The tax exemption for paying nanny tax to a parent (the parent exemption) is an exemption from withholding and paying Social Security, Medicare, and Unemployment Insurance taxes on the wages. But IRS publications related to Household Employees (Nanny Tax) do not clearly define parent so you have to look to other ares of the tax law to determine if a step-parent qualifies as a parent for this purpose. Publication 501, related to dependents, lists a step-parent as a qualifying relative for claiming them as a dependent so it is likely that a step-parent will qualify as a parent for purposes of the Nanny Tax as well. 

 

But the first thing you need to look at is whether or not your stepdad qualifies as a Household Employee. If not, the exemption from withholding and paying Social Security, Medicare, and Unemployment Insurance taxes on the wages would not matter as there would be no "wages". 

 

To determine if your stepdad is a Household Employee, here is a portion of Publication 926 that would be helpful (see page 3): You have a household employee if you hired someone to do household work and that worker is your employee. The worker is your employee if you can control not only what work is done, but how it is done. If the worker is your employee, it doesn't matter whether the work is full time or part time or that you hired the worker through an agency or from a list provided by an agency or association. It also doesn't matter whether you pay the worker on an hourly, daily, or weekly basis, or by the job.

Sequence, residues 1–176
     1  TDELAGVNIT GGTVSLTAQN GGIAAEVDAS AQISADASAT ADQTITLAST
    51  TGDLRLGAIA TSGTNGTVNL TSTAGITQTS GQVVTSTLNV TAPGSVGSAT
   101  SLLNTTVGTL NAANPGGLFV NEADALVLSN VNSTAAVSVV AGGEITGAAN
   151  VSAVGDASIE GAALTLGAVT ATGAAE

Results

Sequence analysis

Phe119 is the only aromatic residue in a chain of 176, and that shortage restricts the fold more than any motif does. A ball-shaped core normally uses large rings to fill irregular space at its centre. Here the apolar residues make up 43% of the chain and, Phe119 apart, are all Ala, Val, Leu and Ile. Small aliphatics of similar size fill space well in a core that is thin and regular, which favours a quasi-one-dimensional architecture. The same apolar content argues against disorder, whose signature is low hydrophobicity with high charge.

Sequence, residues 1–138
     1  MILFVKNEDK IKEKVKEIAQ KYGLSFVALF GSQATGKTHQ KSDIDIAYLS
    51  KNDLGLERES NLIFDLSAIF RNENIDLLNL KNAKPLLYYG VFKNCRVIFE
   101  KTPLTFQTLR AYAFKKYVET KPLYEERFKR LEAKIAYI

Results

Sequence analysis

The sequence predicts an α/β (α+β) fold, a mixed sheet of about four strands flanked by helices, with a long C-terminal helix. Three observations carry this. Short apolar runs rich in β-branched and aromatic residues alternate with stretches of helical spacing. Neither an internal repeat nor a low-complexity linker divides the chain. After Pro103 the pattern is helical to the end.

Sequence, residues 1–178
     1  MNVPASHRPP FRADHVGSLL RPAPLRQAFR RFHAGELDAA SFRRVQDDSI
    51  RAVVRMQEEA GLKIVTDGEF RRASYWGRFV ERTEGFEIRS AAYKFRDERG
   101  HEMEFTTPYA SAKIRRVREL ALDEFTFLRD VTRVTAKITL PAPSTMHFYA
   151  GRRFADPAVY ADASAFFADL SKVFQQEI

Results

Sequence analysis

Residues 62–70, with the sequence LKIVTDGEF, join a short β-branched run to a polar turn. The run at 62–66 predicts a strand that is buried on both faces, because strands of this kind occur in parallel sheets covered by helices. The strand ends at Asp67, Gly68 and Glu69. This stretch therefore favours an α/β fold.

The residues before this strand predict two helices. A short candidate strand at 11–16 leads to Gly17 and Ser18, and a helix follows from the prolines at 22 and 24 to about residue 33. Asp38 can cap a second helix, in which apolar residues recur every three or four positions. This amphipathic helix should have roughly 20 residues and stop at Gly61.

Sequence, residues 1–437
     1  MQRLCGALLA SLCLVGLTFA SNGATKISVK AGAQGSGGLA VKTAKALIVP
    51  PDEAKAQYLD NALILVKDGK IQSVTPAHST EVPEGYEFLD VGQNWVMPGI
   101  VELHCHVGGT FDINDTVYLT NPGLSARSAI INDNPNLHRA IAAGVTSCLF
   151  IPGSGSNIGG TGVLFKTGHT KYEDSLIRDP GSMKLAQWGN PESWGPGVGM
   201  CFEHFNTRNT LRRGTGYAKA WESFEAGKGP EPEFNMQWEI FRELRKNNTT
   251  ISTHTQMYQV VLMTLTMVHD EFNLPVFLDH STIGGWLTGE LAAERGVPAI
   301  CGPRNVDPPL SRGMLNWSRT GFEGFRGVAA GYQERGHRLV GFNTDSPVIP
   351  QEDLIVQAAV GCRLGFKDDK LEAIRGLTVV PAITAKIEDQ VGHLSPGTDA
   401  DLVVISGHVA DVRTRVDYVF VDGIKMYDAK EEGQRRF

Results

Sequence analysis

Example. You pay Betty Shore to babysit your child and do light housework 4 days a week in your home. Betty follows your specific instructions about household and child care duties. You provide the household equipment and supplies that Betty needs to do her work. Betty is your household employee.

 

It seems it would be relatively easy to not have your stepdad qualify as a Household employee. 

 

 

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AmeliesUncle
Level 13

Nanny tax step parent

However, be aware that your State MIGHT have other requirements.  For example, they might require State Unemployment, Worker's Compensation, Disability Insurance or other requirements.  There may be exceptions when the employee is a parent and/or a Household Employee, but that varies by State so you will want to research the rules in your State.

WKins2
Expert Alumni

Nanny tax step parent